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Context Insights

This page explains how to use ContextSDK to get insights into how your app is being used in the real world for Context Insights.

Overview

  • Step 1: Add ContextSDK to your app
  • Step 2: (Optional) Log any events
  • Step 3: Ship an App Store update with ContextSDK

Impact on your app

Less than 0.2% CPU Usage

0.6 MB Memory Usage

Adds less than 700kb to your app's binary size

No PII processed or stored

Installation

Add the following dependency to your Podfile and run pod install

pod 'ContextSDK'

  1. Download the latest release: https://storage.googleapis.com/de73e410-context-sdk-releases/latest/ContextSDK.zip
  2. Drag & Drop the ContextSDK.xcframework folder into the Xcode file list
  3. Go to your project settings, scroll down to Frameworks, Libraries, and Embedded Content, add ContextSDK.xcframework, and select Embed & Sign

If you want to download a specific version, you can replace latest with the desired version number, e.g. https://storage.googleapis.com/de73e410-context-sdk-releases/3.1.0/ContextSDK.zip

Add https://github.com/context-sdk/context-sdk-releases as dependency.

Head over to the React Native page for instructions on how to use Context Insights for your React Native app.

Head over to the Unity page for instructions on how to use Context Insights for your Unity game.

After you installed ContextSDK, you need to add your license key. Register here to get started.

In your willFinishLaunchingWithOptions: (or anywhere before you access the SDK) setup the ContextManager:

AppDelegate.swift
import ContextSDK
AppDelegate.swift willFinishLaunchingWithOptions:
ContextManager.setup("YOUR_LICENSE_KEY")
  1. Create a new custom Swift class named AppDelegate.swift
    AppDelegate.swift
    import ContextSDK
    
    class AppDelegate: NSObject, UIApplicationDelegate {
        func application(_ application: UIApplication, didFinishLaunchingWithOptions launchOptions: [UIApplication.LaunchOptionsKey : Any]? = nil) -> Bool {
            ContextManager.setup("YOUR_LICENSE_KEY")
            return true
        }
    }
    
  2. In your App scene UIApplicationDelegateAdaptor property wrapper
    struct YourApp: App {
        @UIApplicationDelegateAdaptor(AppDelegate.self) var appDelegate
        // ...
    }
    

Optional: Track additional Events

Optionally, you can log specific events to get a better understanding of how the real world context influences your app.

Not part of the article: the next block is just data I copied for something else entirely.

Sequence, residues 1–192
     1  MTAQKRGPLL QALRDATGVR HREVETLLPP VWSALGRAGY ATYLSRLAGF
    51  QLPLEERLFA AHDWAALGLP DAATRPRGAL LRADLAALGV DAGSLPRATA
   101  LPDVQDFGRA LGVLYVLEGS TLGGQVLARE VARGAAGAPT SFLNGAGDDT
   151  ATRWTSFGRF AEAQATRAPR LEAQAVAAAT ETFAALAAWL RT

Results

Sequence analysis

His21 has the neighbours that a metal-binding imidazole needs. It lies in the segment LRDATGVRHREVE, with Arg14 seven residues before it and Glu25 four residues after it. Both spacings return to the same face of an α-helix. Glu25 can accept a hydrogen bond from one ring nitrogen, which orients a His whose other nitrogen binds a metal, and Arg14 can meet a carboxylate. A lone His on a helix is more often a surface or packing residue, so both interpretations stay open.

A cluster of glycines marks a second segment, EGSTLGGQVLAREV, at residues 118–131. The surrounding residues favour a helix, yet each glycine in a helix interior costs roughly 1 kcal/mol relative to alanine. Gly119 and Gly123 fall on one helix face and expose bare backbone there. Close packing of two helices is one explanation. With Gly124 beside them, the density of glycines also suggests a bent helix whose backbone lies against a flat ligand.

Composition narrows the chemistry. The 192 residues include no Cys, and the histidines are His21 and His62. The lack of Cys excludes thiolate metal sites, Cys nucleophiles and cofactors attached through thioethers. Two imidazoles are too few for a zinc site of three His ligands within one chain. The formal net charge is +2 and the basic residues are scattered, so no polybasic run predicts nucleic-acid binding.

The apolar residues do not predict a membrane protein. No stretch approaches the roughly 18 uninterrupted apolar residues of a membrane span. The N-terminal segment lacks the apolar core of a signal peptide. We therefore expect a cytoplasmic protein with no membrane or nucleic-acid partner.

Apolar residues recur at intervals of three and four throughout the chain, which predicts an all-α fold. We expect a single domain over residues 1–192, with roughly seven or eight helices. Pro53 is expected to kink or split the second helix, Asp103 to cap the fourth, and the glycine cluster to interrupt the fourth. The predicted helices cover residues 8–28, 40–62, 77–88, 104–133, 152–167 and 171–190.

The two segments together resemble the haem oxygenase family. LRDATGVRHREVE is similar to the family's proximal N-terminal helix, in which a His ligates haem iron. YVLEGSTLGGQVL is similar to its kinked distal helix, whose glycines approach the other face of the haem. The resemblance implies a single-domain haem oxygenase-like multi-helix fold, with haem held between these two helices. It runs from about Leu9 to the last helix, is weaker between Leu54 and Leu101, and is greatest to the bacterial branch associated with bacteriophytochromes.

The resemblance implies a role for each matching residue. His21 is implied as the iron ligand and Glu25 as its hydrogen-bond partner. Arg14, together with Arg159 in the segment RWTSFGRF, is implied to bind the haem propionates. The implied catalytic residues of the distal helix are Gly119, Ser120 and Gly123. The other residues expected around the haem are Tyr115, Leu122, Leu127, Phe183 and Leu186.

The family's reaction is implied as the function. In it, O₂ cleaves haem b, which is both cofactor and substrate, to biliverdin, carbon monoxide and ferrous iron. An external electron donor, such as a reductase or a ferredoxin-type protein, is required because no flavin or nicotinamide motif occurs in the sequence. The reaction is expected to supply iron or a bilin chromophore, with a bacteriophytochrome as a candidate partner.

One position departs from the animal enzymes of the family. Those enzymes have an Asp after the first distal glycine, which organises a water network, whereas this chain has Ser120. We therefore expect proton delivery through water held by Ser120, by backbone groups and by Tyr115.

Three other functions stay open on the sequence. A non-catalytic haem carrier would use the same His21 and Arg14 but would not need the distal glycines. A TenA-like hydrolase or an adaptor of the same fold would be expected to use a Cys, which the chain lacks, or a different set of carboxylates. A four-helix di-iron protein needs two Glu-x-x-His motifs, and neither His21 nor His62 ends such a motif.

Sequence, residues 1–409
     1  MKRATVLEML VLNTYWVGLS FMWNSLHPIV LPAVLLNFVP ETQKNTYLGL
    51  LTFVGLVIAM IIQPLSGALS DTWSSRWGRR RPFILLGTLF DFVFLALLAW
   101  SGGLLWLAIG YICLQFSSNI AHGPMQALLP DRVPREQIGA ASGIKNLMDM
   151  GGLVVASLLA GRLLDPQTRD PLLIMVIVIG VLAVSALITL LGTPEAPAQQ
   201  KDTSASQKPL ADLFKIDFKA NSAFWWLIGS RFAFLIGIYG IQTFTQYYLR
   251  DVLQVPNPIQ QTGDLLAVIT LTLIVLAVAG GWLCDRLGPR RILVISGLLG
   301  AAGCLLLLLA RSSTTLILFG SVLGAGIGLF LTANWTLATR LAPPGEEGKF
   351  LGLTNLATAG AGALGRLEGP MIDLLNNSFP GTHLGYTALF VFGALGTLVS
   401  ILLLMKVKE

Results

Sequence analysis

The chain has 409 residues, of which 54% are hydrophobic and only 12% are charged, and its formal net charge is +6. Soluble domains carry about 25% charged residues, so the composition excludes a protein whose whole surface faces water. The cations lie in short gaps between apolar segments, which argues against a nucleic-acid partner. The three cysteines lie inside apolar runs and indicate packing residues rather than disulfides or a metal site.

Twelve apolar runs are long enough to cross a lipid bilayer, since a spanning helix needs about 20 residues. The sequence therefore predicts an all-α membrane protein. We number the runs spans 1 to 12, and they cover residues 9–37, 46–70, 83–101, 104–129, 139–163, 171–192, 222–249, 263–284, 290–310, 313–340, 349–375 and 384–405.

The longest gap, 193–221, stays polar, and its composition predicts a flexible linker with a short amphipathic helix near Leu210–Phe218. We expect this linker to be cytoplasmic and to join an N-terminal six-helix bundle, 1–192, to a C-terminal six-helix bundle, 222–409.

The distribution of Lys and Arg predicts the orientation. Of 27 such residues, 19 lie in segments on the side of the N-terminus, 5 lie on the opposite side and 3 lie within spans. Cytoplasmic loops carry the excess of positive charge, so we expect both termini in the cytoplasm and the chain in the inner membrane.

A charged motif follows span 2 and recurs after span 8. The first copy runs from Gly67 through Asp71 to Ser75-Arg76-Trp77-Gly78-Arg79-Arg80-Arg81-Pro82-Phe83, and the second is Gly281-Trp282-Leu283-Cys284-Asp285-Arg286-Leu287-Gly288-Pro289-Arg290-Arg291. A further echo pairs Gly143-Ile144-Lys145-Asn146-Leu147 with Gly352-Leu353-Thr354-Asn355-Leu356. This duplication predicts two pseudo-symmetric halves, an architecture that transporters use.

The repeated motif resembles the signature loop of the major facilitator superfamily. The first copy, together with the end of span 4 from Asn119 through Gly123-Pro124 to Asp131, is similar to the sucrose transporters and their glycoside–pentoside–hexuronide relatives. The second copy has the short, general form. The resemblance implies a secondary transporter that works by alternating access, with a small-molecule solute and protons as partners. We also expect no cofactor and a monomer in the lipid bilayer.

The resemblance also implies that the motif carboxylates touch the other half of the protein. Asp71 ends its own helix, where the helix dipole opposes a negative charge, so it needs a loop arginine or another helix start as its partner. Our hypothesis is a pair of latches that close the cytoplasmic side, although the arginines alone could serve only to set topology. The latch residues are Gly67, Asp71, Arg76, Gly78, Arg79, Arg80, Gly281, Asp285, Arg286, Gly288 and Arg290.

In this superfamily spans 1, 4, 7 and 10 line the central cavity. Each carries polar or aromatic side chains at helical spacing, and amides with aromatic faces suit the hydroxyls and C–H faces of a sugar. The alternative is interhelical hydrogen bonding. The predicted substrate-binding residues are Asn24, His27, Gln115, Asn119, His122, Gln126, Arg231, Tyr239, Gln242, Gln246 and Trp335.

Use this to track users navigating through different screen in your app. It allow us to provide you insights into which screen is most commonly used in which real world context.

ContextManager.trackPageView("page_identifier")

Use this to track certain user actions, like when a user enabled a certain feature, when a user tapped a button, when the user created an account, or when the user shared something. This allows us to provide you insights into which user actions are most commonly done in which real world context.

ContextManager.trackUserAction("user_tapped_share_button")

Use this to track certain events in your app. This can be used generically to track any type of event. For example, you can add this to your existing analytics code to log all your existing events into ContextSDK. This allows us to provide you insights into which events are most commonly triggered in which real world context.

ContextManager.trackEvent("custom_event")

Logging the outcome of sales events (e.g. in-app purchases, orders, etc.) allows us to provide you with detailed insights in which real world context has a positive or negative effect on your app's conversion rates.

The integration is slightly more complex, as you need to track the context before before you show the prompt, and then log the outcome after the user has made a decision. For example, when users purchase your upgrade through FaceID, most likely they've stopped e.g. walking, therefore influencing the context.

In most cases, ContextSDK will execute your block instantly. Only if your app was recently launched, or resumed from the background, it will take up to a few seconds to get a full context.

ContextManager.optimize("upsell") { context in
  // [Show the upgrade prompt here right after fetching the context]
  // Once you know if the user purchased or dismissed the upsell, log the outcome:
  context.log(.positive) // or .negative
}

It's critical you trigger your prompt inside the block, which behaves as follows:

  • The callback is instantly executed if your app has been running for at least 3 seconds
  • The callback being executed within 3 seconds if your app was just put into the foreground recently

Forcing instant callbacks when tracking conversions

There are cases where you may prefer to always instantly have your callback executed. For example, when you want to show a prompt right after a certain user-action, to prevent the prompt showing up when the user already left the screen. For those cases, you'd need to use the ContextManager.calibrate method with the maxDelay: 0 parameter:

ContextManager.calibrate("upsell", maxDelay: 0) { context in
  // [Show the upgrade prompt here right after fetching the context]
  // Once you know if the user purchased or dismissed the upsell, log the outcome:
  context.log(.positive) // or .negative
}

Using maxDelay: 0 means that the context object may not be fully ready, which will reduce data quality. We recommend not using this approach right after the app start, but only in places where the app usually has already been running for a few seconds.

Go Live

Now all that's left is to ship your update to the App Store to start gaining context insights. Continue to the release page for a final check before shipping, as well as other deployment tips.